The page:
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12 of the Car Industry’s Biggest Flops, Scandals and Mistakes

Vukasin Herbez November 6, 2018

10. Audi 5000

Today, Audi is one of the leading luxury brands in the American market. But in the late ’80s, the company was almost gone from U.S. shores. This was due to the news of unintended acceleration and numerous crashes with the Audi 5000. But, in 1986, the popular CBS TV show, 60 Minutes, ran a feature about the unintended acceleration with the 5000 models.

What the viewers didn’t see was that they rigged the car. The acceleration they featured in the show wasn’t genuine. After the show aired, the car community was buzzing, badly damaging Audi’s reputation. Audi responded by publishing numerous tests and videos showing the only way unintended acceleration occurred was if the driver’s foot slipped from the brake to the accelerator pedal.

However, that didn’t help, so their sales hit rock bottom. Despite the fact that 60 Minutes published a false story and they proved Audi didn’t have acceleration problems, the damage was done. It took the company two decades to recover. It is still unclear why CBS did that feature. Many people wonder if another rival car company was behind it.

11. Takata Airbags

The Takata case is still open and it could be the biggest recall case in the history of the car industry. From 2000 to 2008, the Japanese company, Takata produced at least 17 million airbags for millions of cars. In fact, Takata supplied 10 of the biggest car companies in the world, which made things even worse.

The problem with the airbags was that under specific circumstances like moisture or heat, they could suddenly deploy, causing a small explosion inside the car. Since the airbag is in a metal container, pieces could injure or even kill passengers when something like this happens. All 10 of the world’s biggest carmakers are working together to resolve the issue. However, experts say that over 30 million cars could be affected.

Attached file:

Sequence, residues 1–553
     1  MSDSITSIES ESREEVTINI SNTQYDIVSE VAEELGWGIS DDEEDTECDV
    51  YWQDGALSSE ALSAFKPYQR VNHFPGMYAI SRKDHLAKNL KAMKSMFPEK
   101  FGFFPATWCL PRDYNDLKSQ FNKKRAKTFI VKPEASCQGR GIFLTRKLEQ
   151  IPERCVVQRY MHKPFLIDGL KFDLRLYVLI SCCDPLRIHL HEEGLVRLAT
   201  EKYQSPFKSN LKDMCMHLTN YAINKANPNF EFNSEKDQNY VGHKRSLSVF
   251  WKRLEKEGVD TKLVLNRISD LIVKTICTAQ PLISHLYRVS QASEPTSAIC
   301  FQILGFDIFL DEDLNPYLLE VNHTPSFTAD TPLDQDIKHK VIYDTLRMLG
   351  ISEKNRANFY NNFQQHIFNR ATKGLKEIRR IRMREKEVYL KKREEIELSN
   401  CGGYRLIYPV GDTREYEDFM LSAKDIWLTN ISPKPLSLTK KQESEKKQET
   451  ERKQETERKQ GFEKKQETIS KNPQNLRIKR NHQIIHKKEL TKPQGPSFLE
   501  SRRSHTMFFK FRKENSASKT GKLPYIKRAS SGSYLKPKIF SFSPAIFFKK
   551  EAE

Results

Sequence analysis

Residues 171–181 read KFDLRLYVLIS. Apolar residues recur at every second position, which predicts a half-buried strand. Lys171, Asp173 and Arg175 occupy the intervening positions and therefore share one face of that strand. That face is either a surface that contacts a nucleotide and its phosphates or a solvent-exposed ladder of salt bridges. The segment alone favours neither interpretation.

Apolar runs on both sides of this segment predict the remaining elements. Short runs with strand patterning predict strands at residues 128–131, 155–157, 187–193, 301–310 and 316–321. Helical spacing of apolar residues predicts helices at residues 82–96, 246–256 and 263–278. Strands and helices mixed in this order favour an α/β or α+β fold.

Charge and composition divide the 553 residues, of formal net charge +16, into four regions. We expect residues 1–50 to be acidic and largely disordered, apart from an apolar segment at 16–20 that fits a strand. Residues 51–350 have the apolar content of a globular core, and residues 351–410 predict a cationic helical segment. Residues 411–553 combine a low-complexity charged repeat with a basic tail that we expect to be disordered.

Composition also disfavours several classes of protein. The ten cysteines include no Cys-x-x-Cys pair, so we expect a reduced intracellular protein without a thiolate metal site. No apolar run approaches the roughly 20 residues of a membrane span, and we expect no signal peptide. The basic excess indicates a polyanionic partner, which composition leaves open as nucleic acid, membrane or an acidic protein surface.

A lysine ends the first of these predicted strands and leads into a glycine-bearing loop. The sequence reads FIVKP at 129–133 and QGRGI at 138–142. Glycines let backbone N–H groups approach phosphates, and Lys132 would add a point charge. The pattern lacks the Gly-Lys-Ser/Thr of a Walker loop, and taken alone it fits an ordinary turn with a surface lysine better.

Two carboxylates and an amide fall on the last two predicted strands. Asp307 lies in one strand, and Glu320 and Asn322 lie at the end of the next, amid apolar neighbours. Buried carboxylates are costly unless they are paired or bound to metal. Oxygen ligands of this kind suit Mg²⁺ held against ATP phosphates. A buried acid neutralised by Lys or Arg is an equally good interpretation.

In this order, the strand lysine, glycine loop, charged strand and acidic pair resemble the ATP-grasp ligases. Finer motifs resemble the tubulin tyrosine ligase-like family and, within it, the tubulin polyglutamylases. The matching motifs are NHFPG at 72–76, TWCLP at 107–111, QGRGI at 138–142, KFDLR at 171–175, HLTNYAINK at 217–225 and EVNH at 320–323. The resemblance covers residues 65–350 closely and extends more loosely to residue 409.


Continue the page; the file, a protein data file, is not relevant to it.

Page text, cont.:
12. Volkswagen’s Dieselgate

In 2015, Volkswagen was the biggest car company in the world. Unfortunately, this position was severely shaken by the EPA’s legal action and alleged violation of the Clean Air Act. Apparently, Volkswagen was cheating on emissions testing by installing special software in its diesel cars on the North American market. The software was on when they tested the cars for emissions, but it then automatically shut off for normal use.

Volkswagen marketed their diesel cars as a cleaner alternative. However, they were polluting the environment more than regular gasoline-powered cars. The scandal became infamous as “Dieselgate,” causing dealerships to put “Stop Sale” signs on all Volkswagen diesel products. There were millions of angry buyers, resulting in a severe sales drop. Currently, the whole Dieselgate situation has cost Volkswagen close to $15 billion in the U.S. market alone.

Have you ever seen or owned any of the car industry’s biggest flops, scandals and mistakes? If so, you’re not alone. In fact, millions of car owners have fallen for these cars. The good news is, the car industry has grown and learned from their errors and misjudgments.

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